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Cost-Effectiveness and Heterogeneity: Using Finite Mixtures of Disease Activity Models to Identify and Analyze Phenotypes

Borg, Sixten LU ; Gerdtham, Ulf LU ; Rydén, Tobias; Munkholm, Pia; Odes, Selwyn; Moum, Bjørn; Stockbrügger, Reinhold and Lindgren, Stefan LU (2015) In Working Paper / Department of Economics, School of Economics and Management, Lund University
Abstract
Heterogeneity in patient populations is an important issue in health economic evaluations, as the cost-effectiveness of an intervention can vary between patient subgroups, and an intervention which is not cost-effective in the overall population may be cost-effective in particular subgroups. Identifying such subgroups is of interest in the allocation of healthcare resources. Our aim was to develop a method for cost-effectiveness analysis in heterogeneous chronic diseases, by identifying subgroups (phenotypes) directly relevant to the cost-effectiveness of an intervention, and by enabling cost-effectiveness analyses of the intervention in each of these phenotypes. We identified phenotypes based on healthcare resource utilization, using... (More)
Heterogeneity in patient populations is an important issue in health economic evaluations, as the cost-effectiveness of an intervention can vary between patient subgroups, and an intervention which is not cost-effective in the overall population may be cost-effective in particular subgroups. Identifying such subgroups is of interest in the allocation of healthcare resources. Our aim was to develop a method for cost-effectiveness analysis in heterogeneous chronic diseases, by identifying subgroups (phenotypes) directly relevant to the cost-effectiveness of an intervention, and by enabling cost-effectiveness analyses of the intervention in each of these phenotypes. We identified phenotypes based on healthcare resource utilization, using finite mixtures of underlying disease activity models: first, an explicit disease activity model, and secondly, a model of aggregated disease activity. They differed with regards to time-dependence, level of detail, and what interventions they could evaluate. We used them for cost-effectiveness analyses of two hypothetical interventions. Allowing for different phenotypes improved model fit, and was a key step towards dealing with heterogeneity. The cost-effectiveness of the interventions varied substantially between phenotypes. Using underlying disease activity models for identifying phenotypes as well as cost-effectiveness analysis appears both feasible and useful in that they guide the decision to introduce an intervention. (Less)
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author
organization
publishing date
type
Working Paper
publication status
published
subject
keywords
Cost-effectiveness, Disease heterogeneity, Phenotypes, Latent classes, Disease activity model, Crohn's disease
in
Working Paper / Department of Economics, School of Economics and Management, Lund University
issue
5
pages
25 pages
publisher
Department of Economics, Lund Universtiy
language
English
LU publication?
yes
id
35786f95-426f-4019-bf87-98736c5008eb (old id 5049210)
alternative location
http://swopec.hhs.se/lunewp/abs/lunewp2015_005.htm
date added to LUP
2015-02-12 10:03:02
date last changed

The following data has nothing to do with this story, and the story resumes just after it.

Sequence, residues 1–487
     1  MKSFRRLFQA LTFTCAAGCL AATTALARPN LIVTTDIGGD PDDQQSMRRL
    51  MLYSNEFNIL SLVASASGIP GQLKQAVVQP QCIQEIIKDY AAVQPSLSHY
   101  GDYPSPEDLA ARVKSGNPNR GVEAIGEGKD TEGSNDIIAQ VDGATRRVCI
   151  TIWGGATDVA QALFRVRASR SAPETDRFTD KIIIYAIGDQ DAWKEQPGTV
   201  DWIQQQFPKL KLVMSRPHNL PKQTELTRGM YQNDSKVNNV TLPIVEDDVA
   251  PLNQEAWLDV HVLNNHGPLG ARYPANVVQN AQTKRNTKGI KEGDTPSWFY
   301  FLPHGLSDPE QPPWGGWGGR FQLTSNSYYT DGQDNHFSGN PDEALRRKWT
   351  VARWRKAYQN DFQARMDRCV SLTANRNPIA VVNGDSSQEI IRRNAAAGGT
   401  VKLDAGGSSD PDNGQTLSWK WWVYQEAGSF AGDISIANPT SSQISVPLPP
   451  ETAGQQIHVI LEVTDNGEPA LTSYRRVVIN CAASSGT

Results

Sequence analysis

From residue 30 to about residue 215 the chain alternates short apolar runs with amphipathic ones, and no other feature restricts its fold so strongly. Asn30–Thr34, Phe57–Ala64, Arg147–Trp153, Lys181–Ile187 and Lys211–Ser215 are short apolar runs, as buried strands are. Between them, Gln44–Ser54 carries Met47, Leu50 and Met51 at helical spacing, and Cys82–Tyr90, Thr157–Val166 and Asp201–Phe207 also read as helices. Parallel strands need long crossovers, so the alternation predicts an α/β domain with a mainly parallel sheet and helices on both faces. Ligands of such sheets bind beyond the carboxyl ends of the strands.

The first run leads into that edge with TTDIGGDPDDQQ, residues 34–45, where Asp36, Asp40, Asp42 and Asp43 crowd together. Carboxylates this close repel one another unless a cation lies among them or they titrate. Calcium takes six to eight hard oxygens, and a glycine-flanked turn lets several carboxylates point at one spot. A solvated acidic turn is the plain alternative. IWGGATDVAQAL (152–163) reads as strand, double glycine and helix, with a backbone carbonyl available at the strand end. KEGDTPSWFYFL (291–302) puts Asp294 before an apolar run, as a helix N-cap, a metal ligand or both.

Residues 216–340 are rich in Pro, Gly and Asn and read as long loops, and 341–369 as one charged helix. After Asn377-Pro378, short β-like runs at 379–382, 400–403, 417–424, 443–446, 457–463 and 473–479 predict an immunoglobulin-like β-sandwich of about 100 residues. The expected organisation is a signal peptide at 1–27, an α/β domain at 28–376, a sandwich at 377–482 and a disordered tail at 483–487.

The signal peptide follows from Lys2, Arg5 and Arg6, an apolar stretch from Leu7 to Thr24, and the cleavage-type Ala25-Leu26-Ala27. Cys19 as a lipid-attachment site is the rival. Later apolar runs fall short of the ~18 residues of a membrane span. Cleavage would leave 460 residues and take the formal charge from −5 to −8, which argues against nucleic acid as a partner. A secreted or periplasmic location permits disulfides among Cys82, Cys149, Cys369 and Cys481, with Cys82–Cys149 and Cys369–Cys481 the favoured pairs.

2016-04-16 08:12:08
@misc{35786f95-426f-4019-bf87-98736c5008eb,
  abstract     = {Heterogeneity in patient populations is an important issue in health economic evaluations, as the cost-effectiveness of an intervention can vary between patient subgroups, and an intervention which is not cost-effective in the overall population may be cost-effective in particular subgroups. Identifying such subgroups is of interest in the allocation of healthcare resources. Our aim was to develop a method for cost-effectiveness analysis in heterogeneous chronic diseases, by identifying subgroups (phenotypes) directly relevant to the cost-effectiveness of an intervention, and by enabling cost-effectiveness analyses of the intervention in each of these phenotypes. We identified phenotypes based on healthcare resource utilization, using finite mixtures of underlying disease activity models: first, an explicit disease activity model, and secondly, a model of aggregated disease activity. They differed with regards to time-dependence, level of detail, and what interventions they could evaluate. We used them for cost-effectiveness analyses of two hypothetical interventions. Allowing for different phenotypes improved model fit, and was a key step towards dealing with heterogeneity. The cost-effectiveness of the interventions varied substantially between phenotypes. Using underlying disease activity models for identifying phenotypes as well as cost-effectiveness analysis appears both feasible and useful in that they guide the decision to introduce an intervention.},
  author       = {Borg, Sixten and Gerdtham, Ulf and Rydén, Tobias and Munkholm, Pia and Odes, Selwyn and Moum, Bjørn and Stockbrügger, Reinhold and Lindgren, Stefan},
  keyword      = {Cost-effectiveness,Disease heterogeneity,Phenotypes,Latent classes,Disease activity model,Crohn's disease},
  language     = {eng},
  note         = {Working Paper},
  number       = {5},
  pages        = {25},
  publisher    = {Department of Economics, Lund Universtiy},
  series       = {Working Paper / Department of Economics, School of Economics and Management, Lund University},
  title        = {Cost-Effectiveness and Heterogeneity: Using Finite Mixtures of Disease Activity Models to Identify and Analyze Phenotypes},
  year         = {2015},
}